And in September 2002, the House and Senate intelligence committees
disclosed that an early July 2001 intelligence warning had noted,
we believe that [bin Laden] will launch a significant terrorist
attack against the U.S. and/or Israeli interests in coming weeks.
The attack will be spectacular and designed to inflict mass casualties
against U.S. facilities or interests. Attack preparations have
been made. Attack will occur with little or no warning.”
The questions are obvious. Was this dramatic July warning shared
with Bush and his top advisers? If so, what did they do? And what
did the August 6 PDB presented to Bush actually say? How did Bush
react to it?
Such queries are not necessarily difficult to resolve. To fulfill
its mission, the 9/11 commission ought to provide the answers.
But the Bush administration, to date, has acted to stop such answers
from reaching the public. When the August 6, 2001, briefing hit
the headlines 18 months ago, National Security Adviser Condoleezza
Rice pooh-poohed it and ‰ told reporters that the PDB had contained
merely a general warning about al Qaeda. And when the House and
Senate intelligence committees revealed the existence of the July
2001 warning, the Bush administration refused to allow the committees
to say whether this warning had been passed to Bush and his national
security advisers. It would only let the committees report that
the warning had been furnished to unnamed senior government officials.
With these actions, the White House blocked the public from learning
what Bush had been told about the al Qaeda threat in the weeks
before 9/11, and it hid information that could cause Americans
to wonder if Bush might have not reacted to the warnings with
sufficient vigor. But the preliminary evidence is that the White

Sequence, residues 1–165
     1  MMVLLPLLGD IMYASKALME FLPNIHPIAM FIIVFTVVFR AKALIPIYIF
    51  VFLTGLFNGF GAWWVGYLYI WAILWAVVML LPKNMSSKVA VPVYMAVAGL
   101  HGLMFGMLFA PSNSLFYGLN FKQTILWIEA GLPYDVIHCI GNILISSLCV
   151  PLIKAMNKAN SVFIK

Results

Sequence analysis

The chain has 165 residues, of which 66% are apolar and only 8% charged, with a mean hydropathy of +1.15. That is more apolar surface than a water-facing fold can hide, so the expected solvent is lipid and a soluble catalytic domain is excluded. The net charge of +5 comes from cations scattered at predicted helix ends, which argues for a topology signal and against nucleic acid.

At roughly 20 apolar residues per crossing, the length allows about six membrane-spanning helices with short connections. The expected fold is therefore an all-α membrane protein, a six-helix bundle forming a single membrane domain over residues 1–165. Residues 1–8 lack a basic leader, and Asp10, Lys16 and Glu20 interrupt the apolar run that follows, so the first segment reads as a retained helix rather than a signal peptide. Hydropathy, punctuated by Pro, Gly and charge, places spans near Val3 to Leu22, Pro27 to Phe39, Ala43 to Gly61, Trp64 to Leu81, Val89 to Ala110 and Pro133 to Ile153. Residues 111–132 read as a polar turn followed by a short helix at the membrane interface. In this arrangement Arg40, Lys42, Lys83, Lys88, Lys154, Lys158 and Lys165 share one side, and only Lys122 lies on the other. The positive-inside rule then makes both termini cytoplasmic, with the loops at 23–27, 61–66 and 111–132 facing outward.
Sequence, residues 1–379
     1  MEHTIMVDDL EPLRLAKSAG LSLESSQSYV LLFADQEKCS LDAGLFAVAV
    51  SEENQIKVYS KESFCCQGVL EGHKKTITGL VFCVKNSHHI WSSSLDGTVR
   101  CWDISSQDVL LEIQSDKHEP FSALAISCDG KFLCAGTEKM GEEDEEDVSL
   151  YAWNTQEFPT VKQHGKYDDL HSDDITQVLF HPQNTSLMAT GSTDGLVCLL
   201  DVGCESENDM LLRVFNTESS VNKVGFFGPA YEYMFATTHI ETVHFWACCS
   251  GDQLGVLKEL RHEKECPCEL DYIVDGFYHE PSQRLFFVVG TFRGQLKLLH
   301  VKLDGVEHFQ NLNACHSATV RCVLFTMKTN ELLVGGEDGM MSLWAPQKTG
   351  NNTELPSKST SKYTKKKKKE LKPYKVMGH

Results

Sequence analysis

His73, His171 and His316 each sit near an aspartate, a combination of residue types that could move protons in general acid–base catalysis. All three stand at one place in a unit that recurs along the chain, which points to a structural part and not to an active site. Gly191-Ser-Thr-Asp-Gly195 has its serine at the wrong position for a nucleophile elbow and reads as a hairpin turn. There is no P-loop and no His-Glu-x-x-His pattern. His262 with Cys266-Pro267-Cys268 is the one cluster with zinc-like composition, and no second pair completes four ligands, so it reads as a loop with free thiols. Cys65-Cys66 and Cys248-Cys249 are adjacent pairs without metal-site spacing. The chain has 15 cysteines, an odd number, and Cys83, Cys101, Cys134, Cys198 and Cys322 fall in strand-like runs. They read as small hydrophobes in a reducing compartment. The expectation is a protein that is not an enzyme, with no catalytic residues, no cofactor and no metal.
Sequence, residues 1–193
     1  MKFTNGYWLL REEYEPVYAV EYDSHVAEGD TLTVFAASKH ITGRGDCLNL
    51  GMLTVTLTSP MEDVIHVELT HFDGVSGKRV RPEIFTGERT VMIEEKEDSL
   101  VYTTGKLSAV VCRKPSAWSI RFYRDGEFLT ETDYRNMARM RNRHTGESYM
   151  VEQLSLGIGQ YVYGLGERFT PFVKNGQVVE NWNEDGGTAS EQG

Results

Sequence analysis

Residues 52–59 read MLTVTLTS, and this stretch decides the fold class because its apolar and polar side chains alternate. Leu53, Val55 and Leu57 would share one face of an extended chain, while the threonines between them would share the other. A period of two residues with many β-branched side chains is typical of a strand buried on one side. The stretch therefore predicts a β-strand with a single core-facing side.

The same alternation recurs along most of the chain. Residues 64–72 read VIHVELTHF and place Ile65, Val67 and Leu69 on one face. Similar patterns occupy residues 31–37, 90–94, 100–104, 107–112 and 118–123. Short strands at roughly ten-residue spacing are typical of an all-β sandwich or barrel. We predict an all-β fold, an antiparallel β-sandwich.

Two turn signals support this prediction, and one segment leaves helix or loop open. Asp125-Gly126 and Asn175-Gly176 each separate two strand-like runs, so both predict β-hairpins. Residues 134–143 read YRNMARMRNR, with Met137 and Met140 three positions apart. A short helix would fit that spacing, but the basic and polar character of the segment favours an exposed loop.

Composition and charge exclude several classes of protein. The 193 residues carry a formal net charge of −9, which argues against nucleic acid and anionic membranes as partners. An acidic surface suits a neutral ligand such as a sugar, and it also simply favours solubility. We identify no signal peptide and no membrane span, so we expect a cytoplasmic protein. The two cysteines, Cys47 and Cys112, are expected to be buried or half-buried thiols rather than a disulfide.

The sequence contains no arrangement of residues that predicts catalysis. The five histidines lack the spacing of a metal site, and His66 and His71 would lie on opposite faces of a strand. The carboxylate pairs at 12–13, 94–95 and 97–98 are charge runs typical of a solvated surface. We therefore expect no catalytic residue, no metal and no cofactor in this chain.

House has been protecting itself. According to the House and Senate
intelligence committees’ final report on 9/11, the committees
were told by an intelligence community representative that an
August 2001 intelligence report included information that bin
Laden wanted to conduct attacks in the United States, that al
Qaeda members had been residing and traveling to the United States
for years and had apparently maintained a support structure here,
that bin Laden was interested in hijacking airliners (to trade
for prisoners), that the FBI had discerned patterns of activity
consistent with preparations for hijackings, and that bin Laden
supporters were planning attacks in the United States with explosives.
That sure is different than a general warning about al Qaeda.
Did this information appear in Bush’s August 6, 2001, PDB? The
committees are not in a position to say, but their staff has told
reporters they strongly believe some if not all of this material
was included in the PDB. That suggests that Rice misled the public
about this briefing and that Bush had been presented with more
than a routine warning about al Qaeda. And one Democratic senator
on the committee told reporters (including me) that the July warning
the one noting a spectacular attack loomed had indeed gone to
senior White House officials and the president.
The current battle over Bush’s PDBs is important. They can show
what Bush knew before 9/11 about al Qaeda’s designs. They can
provide a foundation for evaluating finally whether he and the
federal government acted responsibly and reasonably in the weeks
and months before the attacks. Which is one reason why anyone
with an inquiring mind should be suspicious of a deal that does
not provide the commission unfettered access to these reports
and that grants the White House the possible means to protect
a serious but little-noticed cover-up.